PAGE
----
Islamic, Communist, and Other Autocratic Regimes Back China’s Treatment of Muslims in Xinjiang

Chinese President Xi Jinping and Saudi King Salman in Beijing. (Photo by Nicolas Asfouri/AFP via Getty Images)

(CNSNews.com) – Twenty Islamic states at the United Nations on Tuesday joined two dozen others, including communist and autocratic regimes, in a show of support for China’s policies in Xinjiang province, where — according to the United States and others — more than a million Uyghurs and other minority Muslims have been incarcerated in re-education camps.

The countries rallied around Beijing at a meeting in New York of the U.N. General Assembly committee dealing with human rights, after a group of mostly Western nations, including the U.S., issued a joint statement deploring the Chinese Communist Party’s abuses in the country’s far-western province, as well as its clampdown on democracy in Hong Kong.

Reflecting China’s growing clout in the international community and the far-reaching impact of its massive Belt and Road Initiative (BRI) investment

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China Still Expanding Xinjiang Re-Education Camps, Report Says

Satellite images of a camp that opened in January in Kashgar, shown here during its construction from 2019 to 2020, according to ASPI.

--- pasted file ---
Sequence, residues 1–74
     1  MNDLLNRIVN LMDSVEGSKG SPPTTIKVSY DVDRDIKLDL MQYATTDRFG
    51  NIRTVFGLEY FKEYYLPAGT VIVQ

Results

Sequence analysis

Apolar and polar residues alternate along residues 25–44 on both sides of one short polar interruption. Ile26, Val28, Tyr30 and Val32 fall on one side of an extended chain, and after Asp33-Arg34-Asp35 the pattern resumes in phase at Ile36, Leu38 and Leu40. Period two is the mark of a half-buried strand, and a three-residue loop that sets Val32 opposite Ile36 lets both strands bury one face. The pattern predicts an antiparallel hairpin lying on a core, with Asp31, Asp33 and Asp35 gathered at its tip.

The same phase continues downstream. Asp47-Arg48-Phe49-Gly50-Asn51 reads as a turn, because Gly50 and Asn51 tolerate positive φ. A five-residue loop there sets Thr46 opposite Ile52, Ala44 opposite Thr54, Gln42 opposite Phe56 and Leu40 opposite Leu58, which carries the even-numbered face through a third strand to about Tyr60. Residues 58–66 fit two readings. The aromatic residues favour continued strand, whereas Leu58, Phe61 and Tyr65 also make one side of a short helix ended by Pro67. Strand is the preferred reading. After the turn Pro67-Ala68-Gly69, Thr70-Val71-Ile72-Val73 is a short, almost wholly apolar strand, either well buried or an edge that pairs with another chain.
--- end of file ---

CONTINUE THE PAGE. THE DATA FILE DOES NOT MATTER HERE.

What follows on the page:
Source: Maxar/Airbus via Google Earth

China is continuing to invest in detention camps in Xinjiang, according to a new research report, findings that could bolster calls to punish Beijing over its human rights practices in the predominately Muslim region.

At least 61 suspected detention facilities showed signs of new construction between July 2019 and July 2020, the Australian Strategic Policy Institute said in a report released Thursday. Some 14 such centers were still under construction this year after Xinjiang authorities said that all detainees had “graduated,” said ASPI, an Australia- and U.S.-backed research institute that has been tracking the camp network for more than two years.

About half of the recently expanded camps had greater security features, suggesting a shift toward

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